Many of the lessons and activities we work with at SFUSD related to Digital Citizenship are shared with us by an organization called Common Sense Media. If you have children in your life whom you’re helping to guide through the digital world, I encourage you to check out their helpful tools online. You may also head to StaySafeOnline.org to keep learning about how to be a safe and responsible user of digital resources.

Being a good digital citizen doesn’t just happen; it takes effort on the part of educators, parents and peers — just like it takes effort to be good citizens offline.

Vincent Matthews is superintendent of the San Francisco Unified School District.

education

If you find our journalism valuable and relevant, please consider joining our Examiner membership program.
Find out more at www.sfexaminer.com/join/

Just Posted

Baseball Hall of Famer Willie Mays attends an event to honor the San Francisco Giants' 2014 World Series victory on Thursday, June 4, 2015, in Washington, D.C. (Olivier Douliery/Abaca Press/TNS)
Willie Mays turns 90: San Francisco celebrates the greatest Giant

By Al Saracevic Examiner staff writer I couldn’t believe it. Willie Mays… Continue reading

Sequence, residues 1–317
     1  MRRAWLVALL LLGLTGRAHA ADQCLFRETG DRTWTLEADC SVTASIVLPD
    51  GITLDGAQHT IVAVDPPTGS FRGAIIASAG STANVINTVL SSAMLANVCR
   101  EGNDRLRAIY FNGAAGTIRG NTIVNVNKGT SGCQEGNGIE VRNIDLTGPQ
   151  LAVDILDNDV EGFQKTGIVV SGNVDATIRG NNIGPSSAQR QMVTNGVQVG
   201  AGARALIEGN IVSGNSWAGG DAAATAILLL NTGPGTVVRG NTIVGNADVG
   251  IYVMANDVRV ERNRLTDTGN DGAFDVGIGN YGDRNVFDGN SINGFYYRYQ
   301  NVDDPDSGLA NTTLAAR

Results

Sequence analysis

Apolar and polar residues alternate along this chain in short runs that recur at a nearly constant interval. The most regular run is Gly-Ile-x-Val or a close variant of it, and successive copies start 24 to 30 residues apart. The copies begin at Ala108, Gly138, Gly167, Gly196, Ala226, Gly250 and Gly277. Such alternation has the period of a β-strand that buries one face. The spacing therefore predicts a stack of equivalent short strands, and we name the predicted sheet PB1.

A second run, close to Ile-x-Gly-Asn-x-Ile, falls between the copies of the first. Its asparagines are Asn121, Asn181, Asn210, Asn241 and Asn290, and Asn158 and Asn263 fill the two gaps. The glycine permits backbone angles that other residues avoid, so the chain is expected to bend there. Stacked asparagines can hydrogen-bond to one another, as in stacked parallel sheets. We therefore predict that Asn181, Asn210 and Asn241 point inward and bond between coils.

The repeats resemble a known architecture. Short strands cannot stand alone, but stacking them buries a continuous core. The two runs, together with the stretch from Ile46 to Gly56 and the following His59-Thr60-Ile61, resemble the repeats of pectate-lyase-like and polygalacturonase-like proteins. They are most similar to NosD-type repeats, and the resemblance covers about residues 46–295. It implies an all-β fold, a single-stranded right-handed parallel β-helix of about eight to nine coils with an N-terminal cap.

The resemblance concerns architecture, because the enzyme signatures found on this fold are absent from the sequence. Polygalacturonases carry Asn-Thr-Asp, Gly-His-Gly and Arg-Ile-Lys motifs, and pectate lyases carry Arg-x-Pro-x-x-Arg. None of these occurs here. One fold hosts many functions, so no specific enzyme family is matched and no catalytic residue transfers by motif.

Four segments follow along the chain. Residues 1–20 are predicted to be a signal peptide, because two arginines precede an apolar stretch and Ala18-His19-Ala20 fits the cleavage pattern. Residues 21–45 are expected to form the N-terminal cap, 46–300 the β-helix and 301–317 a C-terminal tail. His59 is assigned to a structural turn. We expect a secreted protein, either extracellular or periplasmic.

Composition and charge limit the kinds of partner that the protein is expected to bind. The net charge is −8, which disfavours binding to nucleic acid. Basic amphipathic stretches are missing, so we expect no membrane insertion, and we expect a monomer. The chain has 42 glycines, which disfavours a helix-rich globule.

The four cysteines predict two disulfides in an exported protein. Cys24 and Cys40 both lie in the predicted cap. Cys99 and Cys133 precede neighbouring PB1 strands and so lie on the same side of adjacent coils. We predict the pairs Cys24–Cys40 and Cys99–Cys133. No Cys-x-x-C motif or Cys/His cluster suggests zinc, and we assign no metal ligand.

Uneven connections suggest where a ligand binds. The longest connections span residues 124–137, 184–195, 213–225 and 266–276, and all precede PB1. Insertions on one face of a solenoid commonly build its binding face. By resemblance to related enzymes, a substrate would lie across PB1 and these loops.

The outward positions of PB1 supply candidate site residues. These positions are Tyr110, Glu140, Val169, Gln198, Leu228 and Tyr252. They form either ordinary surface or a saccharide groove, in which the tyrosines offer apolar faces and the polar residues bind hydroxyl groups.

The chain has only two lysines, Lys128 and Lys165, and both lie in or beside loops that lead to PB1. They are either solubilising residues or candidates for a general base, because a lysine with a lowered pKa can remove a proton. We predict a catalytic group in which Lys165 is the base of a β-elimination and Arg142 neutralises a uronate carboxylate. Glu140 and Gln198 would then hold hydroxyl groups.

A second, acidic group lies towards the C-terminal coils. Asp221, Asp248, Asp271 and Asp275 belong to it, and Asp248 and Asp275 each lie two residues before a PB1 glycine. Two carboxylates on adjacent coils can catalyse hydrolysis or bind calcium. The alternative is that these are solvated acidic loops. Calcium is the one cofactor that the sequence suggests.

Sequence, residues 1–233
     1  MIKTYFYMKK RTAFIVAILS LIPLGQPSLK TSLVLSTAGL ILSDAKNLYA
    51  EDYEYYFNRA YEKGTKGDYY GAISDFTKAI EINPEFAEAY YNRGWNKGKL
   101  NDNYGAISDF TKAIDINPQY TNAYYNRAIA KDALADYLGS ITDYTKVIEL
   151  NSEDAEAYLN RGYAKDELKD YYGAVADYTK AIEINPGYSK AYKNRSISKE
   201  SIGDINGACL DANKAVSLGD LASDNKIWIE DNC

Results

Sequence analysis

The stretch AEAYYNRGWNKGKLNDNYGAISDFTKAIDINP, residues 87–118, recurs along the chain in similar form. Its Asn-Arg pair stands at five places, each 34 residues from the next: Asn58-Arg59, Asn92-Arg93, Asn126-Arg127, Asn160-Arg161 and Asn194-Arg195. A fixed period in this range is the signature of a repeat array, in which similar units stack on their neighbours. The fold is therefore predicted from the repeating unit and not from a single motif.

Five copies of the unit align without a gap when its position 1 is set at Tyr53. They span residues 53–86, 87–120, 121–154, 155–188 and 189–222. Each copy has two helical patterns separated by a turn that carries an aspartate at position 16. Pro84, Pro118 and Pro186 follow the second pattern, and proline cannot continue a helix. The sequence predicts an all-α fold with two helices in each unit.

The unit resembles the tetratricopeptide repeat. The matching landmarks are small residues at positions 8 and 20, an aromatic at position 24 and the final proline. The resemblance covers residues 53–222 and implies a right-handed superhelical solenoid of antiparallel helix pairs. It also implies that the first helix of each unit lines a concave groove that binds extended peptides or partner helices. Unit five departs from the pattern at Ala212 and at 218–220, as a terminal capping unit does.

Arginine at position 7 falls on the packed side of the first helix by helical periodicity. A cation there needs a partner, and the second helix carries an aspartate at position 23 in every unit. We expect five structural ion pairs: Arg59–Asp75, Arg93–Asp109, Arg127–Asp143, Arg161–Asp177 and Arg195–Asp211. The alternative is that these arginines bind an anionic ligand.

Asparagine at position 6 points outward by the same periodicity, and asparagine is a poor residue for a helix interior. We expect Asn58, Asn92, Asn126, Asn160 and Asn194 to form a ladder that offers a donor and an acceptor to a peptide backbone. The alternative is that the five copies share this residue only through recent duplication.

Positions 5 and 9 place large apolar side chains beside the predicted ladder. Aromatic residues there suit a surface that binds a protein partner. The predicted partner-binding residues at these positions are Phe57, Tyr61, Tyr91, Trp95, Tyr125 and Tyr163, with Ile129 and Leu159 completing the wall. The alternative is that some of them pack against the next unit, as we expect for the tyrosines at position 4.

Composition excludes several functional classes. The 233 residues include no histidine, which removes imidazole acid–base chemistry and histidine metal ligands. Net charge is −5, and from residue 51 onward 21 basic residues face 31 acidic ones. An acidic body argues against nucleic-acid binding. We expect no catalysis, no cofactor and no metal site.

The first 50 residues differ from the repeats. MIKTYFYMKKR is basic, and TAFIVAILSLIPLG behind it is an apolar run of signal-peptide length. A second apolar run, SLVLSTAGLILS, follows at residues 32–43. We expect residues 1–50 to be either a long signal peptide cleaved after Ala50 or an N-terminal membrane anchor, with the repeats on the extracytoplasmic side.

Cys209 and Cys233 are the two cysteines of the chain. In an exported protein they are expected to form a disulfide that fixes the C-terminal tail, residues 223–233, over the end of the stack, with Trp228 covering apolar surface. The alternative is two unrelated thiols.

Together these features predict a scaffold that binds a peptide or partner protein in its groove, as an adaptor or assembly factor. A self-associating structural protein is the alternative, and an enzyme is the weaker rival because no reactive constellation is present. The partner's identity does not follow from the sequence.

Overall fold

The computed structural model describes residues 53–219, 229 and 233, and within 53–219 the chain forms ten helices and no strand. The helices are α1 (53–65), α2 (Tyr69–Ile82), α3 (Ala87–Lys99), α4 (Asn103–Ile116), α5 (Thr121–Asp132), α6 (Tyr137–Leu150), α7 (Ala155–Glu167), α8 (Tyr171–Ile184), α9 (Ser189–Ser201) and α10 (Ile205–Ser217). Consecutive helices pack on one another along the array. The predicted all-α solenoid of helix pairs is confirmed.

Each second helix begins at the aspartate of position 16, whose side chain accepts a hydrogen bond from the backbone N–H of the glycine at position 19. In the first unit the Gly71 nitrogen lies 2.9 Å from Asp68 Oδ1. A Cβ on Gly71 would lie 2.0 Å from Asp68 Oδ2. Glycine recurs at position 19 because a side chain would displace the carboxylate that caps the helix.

Ja’Mari Oliver, center, 11, a fifth grader at Harvey Milk Civil Rights Academy, is surrounded by his classmates at a protest outside the Safeway at Church and Market streets on Wednesday, May 5, 2021 in support of him following an April 26 incident where he was falsely accused by an employee of stealing. (Kevin N. Hume/S.F. Examiner)
School community rallies behind Black classmate stopped at Safeway

‘When you mess with one of us, you mess with all of us’

A warning notice sits under the windshield wiper of a recreational vehicle belonging to a homeless man named David as it sits parked on De Wolf Street near Alemany Boulevard on Friday, Aug. 31, 2018. A proposed SF Municipal Transportation Agency law would make it illegal for overnight parking on the side street for vehicles taller than seven feet or longer than 22 feet. (Kevin N. Hume/S.F. Examiner)
SFMTA to resume ‘poverty tows’ amid calls to make temporary ban permanent

Fines and fees hurt low-income, homeless residents, but officials say they are a necessary tool

Income from Shared Spaces will provide financial resources to the San Francisco Municipal Transporation Agency, according to its director, Jeffrey Tumlin. (Kevin N. Hume/S.F. Examiner)
SFMTA director says Shared Spaces serves transit agency’s financial interest

$10.6 million price tag for program raises concerns among transit agency’s board members

A broad coalition of tenants and housing rights organizers rally at Stanley Mosk Courthouse to protest eviction orders issued against renters Stanley Mosk Courthouse on Wednesday, Sept. 2, 2020, in Los Angeles, CA. (Irfan Khan/Los Angeles Times/TNS)
Federal judge strikes down CDC’s national moratorium on evictions

David Yaffe-Bellany, Noah Buhayar Los Angeles Times A federal judge in Washington… Continue reading

Most Read